November 24, 2009

Time is winding down on our course, and it keeps popping up in our reading selections. Nietzsche, whose “eternal recurrence” thought experiment invites personal reflection on one’s own meaningful relation to past, present, and future, raises the subject this time, and Sartre (remember Mrs. Premise and Mrs. Conclusion and their excellent adventure?) chimes in with his claim that since “existence precedes essence and we will to exist at the same time as we fashion our image, that image is valid for all and for the entire epoch in which we find ourselves.” Time is nothing, we are nothing, until we act and choose. But when we do, we create something we can’t run away from. Scary, and– as previously noted (“renunciation“)– not so happy. Recall, too, his distinctively French- intellectual disdain for the distinctively American “myth of happiness” and Americanism generally.  Robert Solomon says Sartre said he never had a real moment of despair in his life. Huh. It was all affected, then. Sounds like “bad faith,” doesn’t it? But “Jean-Paul Sartre is currently dead,” authentically an object without possibilities. So let him be.

We’ve noted the views of at least two Taylors, Richard and James, and of Philip Zimbardo. Is time even real? Well, aging feels real enough. When time passes slowly it feels oppressively real, and when it “flows” it feels unbearably light. “Time is but the stream I go a-fishing in,” said Thoreau. Meaning?

Meaning, I suppose, that we experience time as a condition of meaningful, happy-making activity. So it’s as real as happiness, happiness is as real as time, and both are real-as-experienced. We need time to unfold our projects, construct our relationships, and enjoy our lives. When we succeed, we experience them and it together as a subjective unity that closes the loop on each episode of expectation. A closed loop is a moment in time– which may or may not correspond to a conventional moment as measured by our clocks and calendars– that represents fulfillment or (in Dewey‘s language of everyday aesthetic experience, and in Nietzsche’s of self-overcoming, in the clip below) consummation. Enough moments like that will make some of us describe ourselves as happy, whether or not Aristotle would approve.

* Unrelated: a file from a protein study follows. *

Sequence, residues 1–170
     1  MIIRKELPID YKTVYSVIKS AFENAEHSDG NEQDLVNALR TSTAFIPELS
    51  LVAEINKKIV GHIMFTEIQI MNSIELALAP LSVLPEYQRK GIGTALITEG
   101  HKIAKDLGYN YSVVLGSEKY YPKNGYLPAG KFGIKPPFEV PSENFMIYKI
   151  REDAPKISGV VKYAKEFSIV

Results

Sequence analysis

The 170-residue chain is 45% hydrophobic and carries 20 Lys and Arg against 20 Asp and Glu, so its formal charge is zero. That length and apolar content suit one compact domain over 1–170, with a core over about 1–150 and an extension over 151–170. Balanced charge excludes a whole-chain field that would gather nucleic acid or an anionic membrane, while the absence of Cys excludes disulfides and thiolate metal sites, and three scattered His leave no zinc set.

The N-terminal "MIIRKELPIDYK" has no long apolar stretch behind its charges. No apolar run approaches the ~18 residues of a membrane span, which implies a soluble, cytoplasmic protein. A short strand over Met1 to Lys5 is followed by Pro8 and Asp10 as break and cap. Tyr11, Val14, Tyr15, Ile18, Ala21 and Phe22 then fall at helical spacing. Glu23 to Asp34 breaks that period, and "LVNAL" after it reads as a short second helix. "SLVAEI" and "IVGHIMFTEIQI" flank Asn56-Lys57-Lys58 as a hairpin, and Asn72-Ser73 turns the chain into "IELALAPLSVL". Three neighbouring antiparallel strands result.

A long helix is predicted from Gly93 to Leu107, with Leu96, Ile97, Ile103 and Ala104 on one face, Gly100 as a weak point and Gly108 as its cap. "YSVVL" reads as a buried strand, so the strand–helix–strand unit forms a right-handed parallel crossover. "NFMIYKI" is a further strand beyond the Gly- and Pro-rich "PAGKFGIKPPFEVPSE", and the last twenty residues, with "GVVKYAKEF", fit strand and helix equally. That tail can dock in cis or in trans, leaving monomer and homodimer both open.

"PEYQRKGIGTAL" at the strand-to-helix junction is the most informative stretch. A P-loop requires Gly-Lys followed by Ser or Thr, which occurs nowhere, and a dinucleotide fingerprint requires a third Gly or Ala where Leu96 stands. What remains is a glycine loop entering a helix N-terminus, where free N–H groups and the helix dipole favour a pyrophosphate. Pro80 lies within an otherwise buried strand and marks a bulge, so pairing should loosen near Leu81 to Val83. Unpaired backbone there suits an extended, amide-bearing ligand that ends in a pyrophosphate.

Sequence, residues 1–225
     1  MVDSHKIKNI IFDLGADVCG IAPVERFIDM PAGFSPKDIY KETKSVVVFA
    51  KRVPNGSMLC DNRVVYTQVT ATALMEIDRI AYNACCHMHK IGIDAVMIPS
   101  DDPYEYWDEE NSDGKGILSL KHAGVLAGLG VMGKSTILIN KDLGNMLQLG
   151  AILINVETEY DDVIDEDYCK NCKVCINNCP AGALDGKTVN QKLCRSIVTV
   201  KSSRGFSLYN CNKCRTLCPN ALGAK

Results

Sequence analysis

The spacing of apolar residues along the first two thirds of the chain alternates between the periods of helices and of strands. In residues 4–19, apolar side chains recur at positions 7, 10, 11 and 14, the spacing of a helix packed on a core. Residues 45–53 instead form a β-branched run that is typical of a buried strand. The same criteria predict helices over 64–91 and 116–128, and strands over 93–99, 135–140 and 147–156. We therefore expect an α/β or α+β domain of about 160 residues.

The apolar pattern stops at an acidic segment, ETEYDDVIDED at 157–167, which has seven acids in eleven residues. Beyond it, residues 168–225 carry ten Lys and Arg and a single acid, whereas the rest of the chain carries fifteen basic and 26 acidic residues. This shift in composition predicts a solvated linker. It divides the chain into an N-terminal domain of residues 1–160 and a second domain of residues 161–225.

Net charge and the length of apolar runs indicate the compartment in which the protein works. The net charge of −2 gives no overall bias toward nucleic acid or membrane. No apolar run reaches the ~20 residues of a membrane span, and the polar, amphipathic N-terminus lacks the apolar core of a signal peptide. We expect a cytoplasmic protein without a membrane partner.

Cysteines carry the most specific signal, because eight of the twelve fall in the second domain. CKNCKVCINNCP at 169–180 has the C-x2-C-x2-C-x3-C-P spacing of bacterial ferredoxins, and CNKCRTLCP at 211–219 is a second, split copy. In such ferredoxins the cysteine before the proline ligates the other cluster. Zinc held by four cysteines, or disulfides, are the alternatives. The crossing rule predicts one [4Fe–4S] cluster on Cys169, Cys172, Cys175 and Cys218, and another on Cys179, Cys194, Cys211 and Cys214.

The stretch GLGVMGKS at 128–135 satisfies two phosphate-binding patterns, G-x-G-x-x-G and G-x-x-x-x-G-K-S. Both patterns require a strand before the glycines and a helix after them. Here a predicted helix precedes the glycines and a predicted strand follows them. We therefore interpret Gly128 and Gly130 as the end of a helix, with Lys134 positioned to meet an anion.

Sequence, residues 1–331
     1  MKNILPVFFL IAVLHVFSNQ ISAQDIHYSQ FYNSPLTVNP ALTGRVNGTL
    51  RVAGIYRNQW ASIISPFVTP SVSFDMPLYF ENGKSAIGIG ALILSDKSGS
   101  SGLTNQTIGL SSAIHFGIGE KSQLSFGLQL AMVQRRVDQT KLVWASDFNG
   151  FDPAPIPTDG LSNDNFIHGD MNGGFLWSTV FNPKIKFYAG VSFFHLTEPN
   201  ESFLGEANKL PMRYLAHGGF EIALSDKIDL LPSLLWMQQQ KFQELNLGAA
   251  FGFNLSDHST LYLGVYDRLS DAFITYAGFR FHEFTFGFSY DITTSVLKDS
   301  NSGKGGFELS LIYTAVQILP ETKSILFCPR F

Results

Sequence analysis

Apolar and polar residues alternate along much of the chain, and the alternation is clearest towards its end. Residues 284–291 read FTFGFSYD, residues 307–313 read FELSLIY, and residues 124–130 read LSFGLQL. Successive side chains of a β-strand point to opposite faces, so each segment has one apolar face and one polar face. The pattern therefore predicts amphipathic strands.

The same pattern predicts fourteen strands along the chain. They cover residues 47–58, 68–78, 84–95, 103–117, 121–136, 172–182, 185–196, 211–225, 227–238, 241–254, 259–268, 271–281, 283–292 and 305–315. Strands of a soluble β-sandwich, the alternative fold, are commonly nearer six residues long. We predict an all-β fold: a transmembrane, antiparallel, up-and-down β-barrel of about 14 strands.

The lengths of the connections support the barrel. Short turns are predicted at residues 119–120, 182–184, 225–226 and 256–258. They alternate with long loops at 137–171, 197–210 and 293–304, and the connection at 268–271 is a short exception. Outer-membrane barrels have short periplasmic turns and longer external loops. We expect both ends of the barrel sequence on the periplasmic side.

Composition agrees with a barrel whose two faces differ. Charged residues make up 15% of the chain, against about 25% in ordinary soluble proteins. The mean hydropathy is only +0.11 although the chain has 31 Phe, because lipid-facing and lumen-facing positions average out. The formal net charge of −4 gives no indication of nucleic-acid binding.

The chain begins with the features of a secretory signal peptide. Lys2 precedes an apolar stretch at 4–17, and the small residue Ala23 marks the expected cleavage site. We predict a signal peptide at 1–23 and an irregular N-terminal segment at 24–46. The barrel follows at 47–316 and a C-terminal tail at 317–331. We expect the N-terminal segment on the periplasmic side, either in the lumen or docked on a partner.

For Dewey, btw, the thing about time is not that it’s not really  real, but that it’s not just yours and mine: it’s ours. It’s the stream humanity goes a-fishing in. We still have our consummations as individuals, but our largest meanings embrace the “continuous human community.” When we affirm our place in that pan-temporal community, our inescapably-subjective relation to time trades the worst vestiges of misanthropic narcissism for the more sympathetic angels of our nature: social solidarity and species identity. My time then is your time, and our kids’ time, and theirs, and… and aren’t we glad we had this time together?

Does it help, though, to live now and into the always-cresting now of what was the future just a moment ago, to  excise big chunks of the past? Nietzsche (among many others) said happiness requires living in the now. How forgetful must we be, to accomplish that? Must we aspire to the “blissful blindness” of childhood, the animal (“dog-like”) spontaneity of the Cynic, (IEP) or the aphasia of the amnesiac?

“Forgetting is essential to action” and for “the life of everything organic.” That seems right, we accumulate too much informational dross every hour of every day for our finite minds to absorb. We can be “healthful, strong, and fruitful only when bounded by a horizon.”

But then he gives us “eternal recurrence,” the “greatest weight.” The horizon, fixed decisively to the shores of this world, seems suddenly, paradoxically infinite and dizzying. And liberating? “Be calm.”

Opening time

May 29, 2009

Ours is a planet sown in beings. Our generations overlap likefor-the-time-being shingles. We don’t fall in rows like hay, but we fall. Once we get here, we spend forever on the globe, most of it tucked under. While we breathe, we open time like a path in the grass. We open time as a boat’s stem slits the crest of the present.

Annie Dillard

Towing the line of the present moment, being wholly absorbed in experience as we face it, attending to what’s happening right now: it sounds so simple, and for simpler beings it probably is. But we’ve inherited our species’ evolved tendency to ride the wave of consciousness away from boat’s stem. As Dillard said in Pilgrim at Tinker Creek,

This is it, right now, the present… this tang of coffee on the tongue, and I am patting the puppy, I am watching the mountain. And the second I verbalize this awareness in my brain, I cease to see the mountain or feel the puppy.

It’s not consciousness per se that spoils the moment, but the hyper-self-consciousness that draws you out of yourself and makes you hover over your own experience instead of inhabiting and enjoying it.  Fortunately what is lost is not forgotten. Focused attention can find it again, and savor and store it in memory.

The second I know I’ve lost [the present] I also realize that the puppy is still squirming on his back under my hand. Nothing has changed for him.

Follow the pup.